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🎬 “Would that it were so simple.”

Hey all — I'm bringing back an old feature of this newsletter, with a twist. As most of you know, I u
🎬 “Would that it were so simple.”
By Eric Johnson • Issue #82 • View online
Hey all — I’m bringing back an old feature of this newsletter, with a twist. As most of you know, I used to rank every new movie I had seen in a year (here’s 2019’s final list) from best to worst, and I stopped trying once it became clear that new movies were not going to be a thing in theaters for a while.
Starting this week, I’m going to bring the list back, except it won’t just be new movies: I’ll rank every single movie I’ve seen in 2020, new or old. Take a look at the first stab at this below and let me know what you think!

↖️ North by Northwest
North by Northwest is the first Alfred Hitchcock film I ever saw, and I still love it to this day.
As the cynical New York ad man Roger Thornhill, Cary Grant is maybe the strongest of Hitchcock’s “ordinary person in extraordinary circumstances” protagonists because he strides through the movie with a caustic attitude that undermines his credibility with friends and angers the villains who believe him to be a superspy.
The whole cast is perfect, the script is funny and exciting, and the Bernard Herrmann score is famous for good reason. If you’ve never seen it, I’d recommend watching it without looking up more details or watching the (super-spoilery) trailer below; North by Northwest set the standard for all action movies to follow and it has aged surprisingly well by that metric. Perhaps that’s because so few movies have surpassed it.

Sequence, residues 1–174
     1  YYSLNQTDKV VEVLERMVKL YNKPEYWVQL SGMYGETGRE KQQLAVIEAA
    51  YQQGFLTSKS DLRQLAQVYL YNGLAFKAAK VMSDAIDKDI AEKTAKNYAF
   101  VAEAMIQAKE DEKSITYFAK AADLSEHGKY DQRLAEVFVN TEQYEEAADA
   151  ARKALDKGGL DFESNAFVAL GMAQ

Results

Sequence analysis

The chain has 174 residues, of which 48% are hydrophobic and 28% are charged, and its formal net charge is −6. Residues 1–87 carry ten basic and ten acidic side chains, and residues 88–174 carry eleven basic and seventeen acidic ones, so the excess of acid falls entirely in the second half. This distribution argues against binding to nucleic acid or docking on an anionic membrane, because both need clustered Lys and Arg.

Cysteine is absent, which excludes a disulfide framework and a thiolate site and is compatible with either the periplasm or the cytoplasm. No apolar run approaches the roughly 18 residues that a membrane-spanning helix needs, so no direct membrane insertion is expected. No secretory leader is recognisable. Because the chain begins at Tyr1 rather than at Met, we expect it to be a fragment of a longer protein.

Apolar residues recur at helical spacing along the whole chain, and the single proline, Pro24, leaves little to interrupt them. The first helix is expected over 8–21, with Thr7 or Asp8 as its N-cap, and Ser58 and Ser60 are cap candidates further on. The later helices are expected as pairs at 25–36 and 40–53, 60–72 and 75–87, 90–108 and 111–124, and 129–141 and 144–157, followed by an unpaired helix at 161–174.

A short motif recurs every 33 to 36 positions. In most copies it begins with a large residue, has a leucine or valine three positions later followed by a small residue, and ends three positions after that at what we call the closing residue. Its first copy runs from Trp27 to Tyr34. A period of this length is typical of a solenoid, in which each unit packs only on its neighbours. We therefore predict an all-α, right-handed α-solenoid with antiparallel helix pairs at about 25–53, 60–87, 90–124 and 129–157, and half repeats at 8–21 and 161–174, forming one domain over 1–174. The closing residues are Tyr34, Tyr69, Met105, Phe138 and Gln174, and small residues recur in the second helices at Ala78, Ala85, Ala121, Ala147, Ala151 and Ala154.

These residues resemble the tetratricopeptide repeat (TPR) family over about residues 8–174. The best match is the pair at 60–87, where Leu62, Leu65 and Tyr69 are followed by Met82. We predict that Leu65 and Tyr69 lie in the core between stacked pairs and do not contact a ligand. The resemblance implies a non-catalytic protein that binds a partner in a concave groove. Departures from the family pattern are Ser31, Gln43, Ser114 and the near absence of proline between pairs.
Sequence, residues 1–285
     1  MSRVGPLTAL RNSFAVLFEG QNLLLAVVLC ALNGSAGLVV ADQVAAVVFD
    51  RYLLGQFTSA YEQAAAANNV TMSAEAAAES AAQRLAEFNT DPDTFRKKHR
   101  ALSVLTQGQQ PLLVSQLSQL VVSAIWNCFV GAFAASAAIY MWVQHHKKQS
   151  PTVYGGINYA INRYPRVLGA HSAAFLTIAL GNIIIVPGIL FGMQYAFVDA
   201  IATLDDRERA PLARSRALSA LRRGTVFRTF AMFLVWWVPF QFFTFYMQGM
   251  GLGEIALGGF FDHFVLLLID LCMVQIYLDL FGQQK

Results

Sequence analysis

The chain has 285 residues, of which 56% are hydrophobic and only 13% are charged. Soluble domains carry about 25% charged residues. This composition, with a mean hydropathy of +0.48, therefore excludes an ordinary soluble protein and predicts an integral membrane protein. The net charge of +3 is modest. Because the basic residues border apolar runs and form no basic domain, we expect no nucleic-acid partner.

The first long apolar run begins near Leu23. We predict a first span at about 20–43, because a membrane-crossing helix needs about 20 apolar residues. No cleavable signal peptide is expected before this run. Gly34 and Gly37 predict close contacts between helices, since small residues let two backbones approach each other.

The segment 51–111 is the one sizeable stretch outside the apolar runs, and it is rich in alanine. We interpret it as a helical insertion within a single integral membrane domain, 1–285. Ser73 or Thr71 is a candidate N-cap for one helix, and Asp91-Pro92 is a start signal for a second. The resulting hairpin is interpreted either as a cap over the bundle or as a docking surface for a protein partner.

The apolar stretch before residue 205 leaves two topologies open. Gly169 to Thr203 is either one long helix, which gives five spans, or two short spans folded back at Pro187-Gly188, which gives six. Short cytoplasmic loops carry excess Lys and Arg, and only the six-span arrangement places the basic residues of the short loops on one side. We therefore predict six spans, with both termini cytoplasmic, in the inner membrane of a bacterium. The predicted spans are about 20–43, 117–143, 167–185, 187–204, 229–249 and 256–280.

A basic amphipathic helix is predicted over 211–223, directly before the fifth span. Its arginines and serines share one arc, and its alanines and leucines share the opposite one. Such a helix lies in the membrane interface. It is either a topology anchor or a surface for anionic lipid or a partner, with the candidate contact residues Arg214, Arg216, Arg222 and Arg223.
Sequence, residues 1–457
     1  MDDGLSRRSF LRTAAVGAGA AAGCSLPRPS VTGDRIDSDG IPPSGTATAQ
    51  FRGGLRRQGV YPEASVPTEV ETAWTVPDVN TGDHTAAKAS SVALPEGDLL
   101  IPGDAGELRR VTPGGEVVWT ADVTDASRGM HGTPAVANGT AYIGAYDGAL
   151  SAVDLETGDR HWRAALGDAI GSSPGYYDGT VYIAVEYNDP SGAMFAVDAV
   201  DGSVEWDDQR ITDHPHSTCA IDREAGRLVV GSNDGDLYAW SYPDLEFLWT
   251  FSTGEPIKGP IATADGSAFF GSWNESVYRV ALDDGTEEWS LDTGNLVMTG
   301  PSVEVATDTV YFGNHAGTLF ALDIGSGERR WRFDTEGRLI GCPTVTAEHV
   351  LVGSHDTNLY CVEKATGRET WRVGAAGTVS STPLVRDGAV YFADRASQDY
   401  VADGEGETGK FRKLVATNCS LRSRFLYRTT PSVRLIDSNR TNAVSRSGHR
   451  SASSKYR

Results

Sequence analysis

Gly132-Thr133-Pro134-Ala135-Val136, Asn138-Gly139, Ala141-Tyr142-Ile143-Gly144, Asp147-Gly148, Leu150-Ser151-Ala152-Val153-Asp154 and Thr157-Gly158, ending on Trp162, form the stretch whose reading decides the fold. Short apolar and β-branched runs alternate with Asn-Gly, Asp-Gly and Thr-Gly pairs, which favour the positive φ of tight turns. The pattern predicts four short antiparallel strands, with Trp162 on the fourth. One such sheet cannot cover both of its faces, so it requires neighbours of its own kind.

North By Northwest - Trailer
North By Northwest - Trailer
I watched North by Northwest on Blu-Ray, but it’s currently streaming on HBO Max.
🃏 Bamboozled
Spike Lee’s satirical 2000 movie Bamboozled feels more relevant today than it might have 20 years ago, as TV shows ranging from 30 Rock to Mad Men are hastily reckoning with their use of blackface as an ironic punchline.
While scrubbing evidence of your favorite actors in blackface may protect them, it does little to address the racist history of minstrel shows, and Lee’s film forces the audience to confront that degradation. It repeatedly reminds us that this was as mainstream a form of entertainment for several decades as superhero movies are today, and asks whether we had really improved as a society.
Although I admire the “you can’t look away” satirical side of the story, the story is shaggy and most of the characters (with the exception of Damon Wayans’ protagonist) are under-defined, in a film that needs specific personalities to relate to. Without them, the casual viewer will have a harder time believing the world of the movie and intuiting that it is an extension of our own.
I’m also conflicted about the fact that most of the film was shot on consumer-grade digital camcorders — a radical decision for the time that kept costs down, but the cheap video aesthetic hasn’t aged well.
Spike Lee's Bamboozled Trailer
Spike Lee's Bamboozled Trailer
I watched Bamboozled on Blu-Ray; it’s not currently streaming or available anywhere to rent/buy digitally.
👓 Tinker Tailor Soldier Spy
I saw Tinker Tailor Soldier Spy when it came to theaters in 2011, and then promptly forgot almost everything that happened.
Now, after a second viewing, I see why: This is a dense movie that deals almost exclusively in subtle turns rather than big moments, which is both good and bad.
The visuals of the film are as beautiful as “the bleakest side of the Cold War” can get, and Gary Oldman is excellent as George Smiley, imbuing the character with the pain and weight of a mostly-unseen history.